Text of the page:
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Published by aravindpunna

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Published by: aravindpunna on Mar 23, 2013
Copyright:Attribution Non-commercial


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Too Early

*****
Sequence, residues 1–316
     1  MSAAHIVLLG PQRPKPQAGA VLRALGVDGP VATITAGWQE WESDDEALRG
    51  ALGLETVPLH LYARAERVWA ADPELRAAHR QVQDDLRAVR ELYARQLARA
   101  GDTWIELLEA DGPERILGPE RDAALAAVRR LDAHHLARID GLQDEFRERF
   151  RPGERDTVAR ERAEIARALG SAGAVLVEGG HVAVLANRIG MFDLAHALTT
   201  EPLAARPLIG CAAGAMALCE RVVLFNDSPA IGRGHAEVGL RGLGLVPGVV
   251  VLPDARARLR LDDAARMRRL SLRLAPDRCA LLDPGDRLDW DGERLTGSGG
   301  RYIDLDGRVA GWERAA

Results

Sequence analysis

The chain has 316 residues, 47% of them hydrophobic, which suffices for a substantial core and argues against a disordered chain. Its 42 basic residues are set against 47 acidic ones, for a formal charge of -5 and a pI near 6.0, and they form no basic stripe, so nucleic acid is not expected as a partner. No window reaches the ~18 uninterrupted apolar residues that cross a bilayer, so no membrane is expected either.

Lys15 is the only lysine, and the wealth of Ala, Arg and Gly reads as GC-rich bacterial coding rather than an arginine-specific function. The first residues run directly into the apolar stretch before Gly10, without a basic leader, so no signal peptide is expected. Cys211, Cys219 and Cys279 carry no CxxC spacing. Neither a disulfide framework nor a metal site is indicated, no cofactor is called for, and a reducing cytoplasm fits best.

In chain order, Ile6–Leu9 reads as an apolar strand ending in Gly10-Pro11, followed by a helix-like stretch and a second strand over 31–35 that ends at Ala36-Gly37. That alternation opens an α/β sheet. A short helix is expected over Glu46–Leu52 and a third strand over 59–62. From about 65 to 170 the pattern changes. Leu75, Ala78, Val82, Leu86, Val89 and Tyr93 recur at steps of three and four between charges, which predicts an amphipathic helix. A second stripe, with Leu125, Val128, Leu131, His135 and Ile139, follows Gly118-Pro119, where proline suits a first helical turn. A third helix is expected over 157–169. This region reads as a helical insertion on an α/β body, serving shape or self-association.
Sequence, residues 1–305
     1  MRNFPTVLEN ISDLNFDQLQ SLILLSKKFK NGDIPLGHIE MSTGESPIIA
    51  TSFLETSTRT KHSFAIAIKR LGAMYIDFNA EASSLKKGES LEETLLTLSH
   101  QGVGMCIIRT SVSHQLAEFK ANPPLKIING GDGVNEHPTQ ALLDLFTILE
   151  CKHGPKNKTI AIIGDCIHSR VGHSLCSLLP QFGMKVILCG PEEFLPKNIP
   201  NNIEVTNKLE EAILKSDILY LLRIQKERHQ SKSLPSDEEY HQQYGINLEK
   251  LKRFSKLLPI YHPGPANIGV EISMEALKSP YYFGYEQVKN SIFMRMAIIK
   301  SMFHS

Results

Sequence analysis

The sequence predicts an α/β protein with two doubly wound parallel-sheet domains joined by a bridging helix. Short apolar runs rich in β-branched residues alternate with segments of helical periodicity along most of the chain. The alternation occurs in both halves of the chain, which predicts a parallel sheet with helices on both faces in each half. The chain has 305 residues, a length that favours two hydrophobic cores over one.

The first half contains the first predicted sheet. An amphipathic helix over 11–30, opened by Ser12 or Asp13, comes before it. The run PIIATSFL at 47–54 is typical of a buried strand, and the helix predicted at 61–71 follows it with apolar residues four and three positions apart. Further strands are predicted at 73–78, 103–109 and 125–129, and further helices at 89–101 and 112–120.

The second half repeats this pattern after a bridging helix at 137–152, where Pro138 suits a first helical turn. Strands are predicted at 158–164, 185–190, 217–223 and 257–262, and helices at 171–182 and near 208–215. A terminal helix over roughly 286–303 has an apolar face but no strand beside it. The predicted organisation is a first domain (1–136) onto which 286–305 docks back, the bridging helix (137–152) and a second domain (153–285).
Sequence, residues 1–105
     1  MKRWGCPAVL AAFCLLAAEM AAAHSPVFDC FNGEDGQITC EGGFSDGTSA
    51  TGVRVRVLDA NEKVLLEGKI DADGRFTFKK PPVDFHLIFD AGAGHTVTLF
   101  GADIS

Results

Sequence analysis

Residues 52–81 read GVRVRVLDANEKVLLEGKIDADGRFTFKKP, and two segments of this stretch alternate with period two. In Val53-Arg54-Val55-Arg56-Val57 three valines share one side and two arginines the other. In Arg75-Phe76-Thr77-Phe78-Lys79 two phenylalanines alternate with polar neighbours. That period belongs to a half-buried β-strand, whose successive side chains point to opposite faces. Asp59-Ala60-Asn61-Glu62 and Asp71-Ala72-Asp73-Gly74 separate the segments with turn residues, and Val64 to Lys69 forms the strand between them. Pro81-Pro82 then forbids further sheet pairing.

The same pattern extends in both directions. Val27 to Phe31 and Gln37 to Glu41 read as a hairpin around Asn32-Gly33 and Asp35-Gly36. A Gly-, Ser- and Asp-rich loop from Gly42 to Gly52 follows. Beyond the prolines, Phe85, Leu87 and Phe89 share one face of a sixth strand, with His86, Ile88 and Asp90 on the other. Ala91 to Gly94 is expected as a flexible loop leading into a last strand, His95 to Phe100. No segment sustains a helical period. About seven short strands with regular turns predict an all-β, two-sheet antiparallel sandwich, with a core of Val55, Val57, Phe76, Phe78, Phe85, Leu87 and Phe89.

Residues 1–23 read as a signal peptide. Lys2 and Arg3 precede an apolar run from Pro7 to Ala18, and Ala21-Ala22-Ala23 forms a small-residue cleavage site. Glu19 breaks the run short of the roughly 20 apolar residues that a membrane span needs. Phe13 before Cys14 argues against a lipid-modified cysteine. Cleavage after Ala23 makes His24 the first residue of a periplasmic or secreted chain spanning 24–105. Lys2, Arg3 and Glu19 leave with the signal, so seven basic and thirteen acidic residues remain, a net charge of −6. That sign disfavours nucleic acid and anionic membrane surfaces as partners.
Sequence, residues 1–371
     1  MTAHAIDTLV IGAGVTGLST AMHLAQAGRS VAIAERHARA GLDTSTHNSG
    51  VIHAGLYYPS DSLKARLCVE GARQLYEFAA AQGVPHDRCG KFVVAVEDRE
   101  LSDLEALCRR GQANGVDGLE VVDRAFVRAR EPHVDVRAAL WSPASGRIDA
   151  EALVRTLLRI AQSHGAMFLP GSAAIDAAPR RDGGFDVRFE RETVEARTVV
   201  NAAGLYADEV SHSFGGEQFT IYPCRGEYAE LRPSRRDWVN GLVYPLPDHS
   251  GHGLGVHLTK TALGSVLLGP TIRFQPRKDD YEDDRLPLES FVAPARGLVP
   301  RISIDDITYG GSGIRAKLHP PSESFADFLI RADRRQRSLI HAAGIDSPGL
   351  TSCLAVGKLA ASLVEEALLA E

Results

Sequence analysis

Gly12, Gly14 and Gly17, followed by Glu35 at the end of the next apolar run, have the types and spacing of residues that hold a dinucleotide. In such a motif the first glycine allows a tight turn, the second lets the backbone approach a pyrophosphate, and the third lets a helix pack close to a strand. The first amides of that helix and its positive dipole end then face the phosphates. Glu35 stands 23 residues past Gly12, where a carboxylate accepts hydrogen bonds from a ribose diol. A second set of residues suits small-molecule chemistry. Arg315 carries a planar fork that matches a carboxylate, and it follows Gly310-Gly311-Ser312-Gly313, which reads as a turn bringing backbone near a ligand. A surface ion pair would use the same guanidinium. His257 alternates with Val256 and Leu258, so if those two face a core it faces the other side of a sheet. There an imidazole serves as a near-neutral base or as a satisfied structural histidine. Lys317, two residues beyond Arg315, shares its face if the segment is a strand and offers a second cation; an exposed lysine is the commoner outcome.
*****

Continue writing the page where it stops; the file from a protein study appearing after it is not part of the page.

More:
THE bells are ringing for service in the village of Shalmovo. The sun is already kissing the earth on the horizon;it has turned crimson and will soon disappear. In Semyon's pothouse, which has lately changed its name andbecome a restaurant -- a title quite out of keeping with the wretched little hut with its thatch torn off its roof, andits couple of dingy windows -- two peasant sportsmen are sitting. One of them is called Filimon Slyunka; he isan old man of sixty, formerly a house-serf, belonging to the Counts Zavalin, by trade a carpenter. He has at onetime been employed in a nail factory, has been turned off for drunkenness and idleness, and now lives upon hisold wife, who begs for alms. He is thin and weak, with a mangy-looking little beard, speaks with a hissingsound, and after every word twitches the right side of his face and jerkily shrugs his right shoulder. The other,Ignat Ryabov, a sturdy, broad-shouldered peasant who never does anything and is everlastingly silent, is sittingin the corner under a big string of bread rings. The door, opening inwards, throws a thick shadow upon him, sothat Slyunka and Semyon the publican can see nothing but his patched knees, his long fleshy nose, and a big tuftof hair which has escaped from the thick uncombed tangle covering his head. Semyon, a sickly little man, witha pale face and a long sinewy neck, stands behind his counter, looks mournfully at the string of bread rings, andcoughs meekly."You think it over now, if you have any sense," Slyunka says to him, twitching his cheek. "You have the thinglying by unused and get no sort of benefit from it. While we need it. A sportsman without a gun is like asacristan without a voice. You ought to understand that, but I see you don't understand it, so you can have noreal sense. . . . Hand it over!""You left the gun in pledge, you know!" says Semyon in a thin womanish little voice, sighing deeply, and nottaking his eyes off the string of bread rings. "Hand over the rouble you borrowed, and then take your gun.""I haven't got a rouble. I swear to you, Semyon Mitritch, as God sees me: you give me the gun and I will go to-day with Ignashka and bring it you back again. I'll bring it back, strike me dead. May I have happiness neitherin this world nor the next, if I don't.""Semyon Mitritch, do give it," Ignat Ryabov says in his bass, and his voice betrays a passionate desire to getwhat he asks for."But what do you want the gun for?" sighs Semyon, sadly shaking his head. "What sort of shooting is therenow? It's still winter outside, and no game at all but crows and jackdaws.""Winter, indeed," says Slyunka, hooing the ash out of his pipe with his finger, "it is early yet of course, but younever can tell with the snipe. The snipe's a bird that wants watching. If you are unlucky, you may sit waiting athome, and miss his flying over, and then you must wait till autumn. . . . It is a business! The snipe is not a rook.. . . Last year he was flying the week before Easter, while the year before we had to wait till the week afterEaster! Come, do us a favour, Semyon Mitritch, give us the gun. Make us pray for you for ever. As ill-luck would have it, Ignashka has pledged his gun for drink too. Ah, when you drink you feel nothing, but now . . .ah, I wish I had never looked at it, the cursed vodka! Truly it is the blood of Satan! Give it us, SemyonMitritch!""I won't give it you," says Semyon, clasping his yellow hands on his breast as though he were going to pray."You must act fairly, Filimonushka. . . . A thing is not taken out of pawn just anyhow; you must pay the money.. . . Besides, what do you want to kill birds for? What's the use? It's Lent now -- you are not going to eat them."Slyunka exchanges glances with Ryabov in embarrassment, sighs, and says: "We would only go stand-shooting."